Report: White House tells FDA chief to approve Pfizer vaccine today or resign

A terrible idea, short on brains and long on bravado.

If I were FDA chief Steve Hahn, I’d laugh in their faces and tell them they’ll get the approval as soon as it can be done responsibly and not a second before. The Times reported last night after the FDA’s advisory panel approved the vaccine that full agency authorization was expected on … Saturday. In other words, after waiting nine months, the White House is threatening to humiliate the guy who oversaw the most rapid vaccine approval process in U.S. history over a window of time that may amount to something like 12 hours.

Call their bluff. Find out what Mark Meadows is made of. Make them wear the headline, “FDA IN TURMOIL AS HISTORIC VACCINE DEBUTS AFTER TRUMP FIRES CHIEF.” Nothing would do more to build public confidence in the product than having the guy who approved it getting sh*tcanned on the day it’s introduced.

White House Chief of Staff Mark Meadows on Friday told Stephen Hahn, the commissioner of the Food and Drug Administration, to submit his resignation if the agency does not clear the nation’s first coronavirus vaccine by day’s end, according to people familiar with the situation who spoke on the condition of anonymity because they were not authorized to discuss what happened…

With the timetable apparently accelerated from Saturday morning, the FDA and Pfizer were rushing to complete the paperwork needed for the authorization, according to another individual who spoke on the condition of anonymity because he didn’t have authority to discuss the plans

An FDA statement issued early Friday morning said the FDA had informed Pfizer that it would “rapidly work toward finalization and issuance of an emergency use authorization” following Thursday’s endorsement of the Pfizer-BioNTech vaccine by an agency advisory committee.

Meadows’s boss chimed in this morning:

What’s wrong with publicly pushing the FDA to work overtime today to get the approval done instead of rolling it out on Saturday? In theory, nothing. But as I noted last night, the agency’s guiding principle in this process seems to have been “as quickly as ethically possible without cutting corners.” Every government medical expert from Fauci on down who’s talked about the vaccine has been at pains to make that clear. They did this as fast as they could but they didn’t skip any steps because of the urgency of the crisis. They did it on a standard scientific timeline, not a political one, so you should trust that the product you’re getting has been scrutinized as rigorously as any other vaccine you’ve gotten.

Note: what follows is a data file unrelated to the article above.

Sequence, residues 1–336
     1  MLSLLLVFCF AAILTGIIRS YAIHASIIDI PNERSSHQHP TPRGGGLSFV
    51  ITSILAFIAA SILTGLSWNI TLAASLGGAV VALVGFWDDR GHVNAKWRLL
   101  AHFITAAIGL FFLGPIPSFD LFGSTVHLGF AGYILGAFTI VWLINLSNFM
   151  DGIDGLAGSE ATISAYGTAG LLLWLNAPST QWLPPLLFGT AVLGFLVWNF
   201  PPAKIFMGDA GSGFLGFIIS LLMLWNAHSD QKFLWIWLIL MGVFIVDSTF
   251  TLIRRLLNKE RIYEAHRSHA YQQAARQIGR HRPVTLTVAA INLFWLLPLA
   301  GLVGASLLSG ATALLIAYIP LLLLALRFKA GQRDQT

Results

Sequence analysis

So here are Trump and Meadows, at the very last moment, foolishly barging their way in to say, “Tonight or bust,” and thereby generating a bunch of media coverage that’ll lead some Americans to say, “Maybe they did rush this out before it was ready for primetime after all.” If they were going to strongarm the FDA into cutting corners, why do it one day before approval arrives? Do it in October. That would have been a *really* terrible idea in that it would have convinced millions that the vaccine was being pushed out prematurely to help Trump’s campaign, but at least some extra lives would have been saved over the past two months.

Axios is reporting that Meadows didn’t quite promise to fire Hahn if the approval wasn’t done today. He just implied it: “White House chief of staff Mark Meadows hinted to Food and Drug Administration commissioner Stephen Hahn on a phone call Friday that his job security might be in jeopardy as he pushed the FDA chief to approve Pfizer’s coronavirus vaccine by the end of the day, according to two sources familiar with the call.” According to the Times, Meadows told Hahn he “may as well start working on his next job if Dr. Hahn didn’t get it done on Friday.”

Biden’s being sworn in 40 days from now, buddy. Hahn will need to start working on his next job soon regardless.

The same Times piece claims that Hahn is indeed going to try to make the White House happy by getting the approval done sometime tonight instead of tomorrow morning. I hope the bad press this incident has produced, at the very moment the White House needs to start persuading the public to get vaccinated, was worth that 12 hours. In fact, HHS chief Alex Azar said this morning that he anticipated the first shots to happen on Monday or Tuesday of next week, in which case getting the approval done tonight instead of tomorrow morning may not do anything to actually accelerate the process. It gives Trump and Meadows a reason to boast, though, that they really put the spurs to the FDA — five feet from the finish line. Meh.

Here’s Biden this afternoon trying to sell the vaccine in his daily presser, saying, “There’s no political influence.” Not entirely true, it seems.

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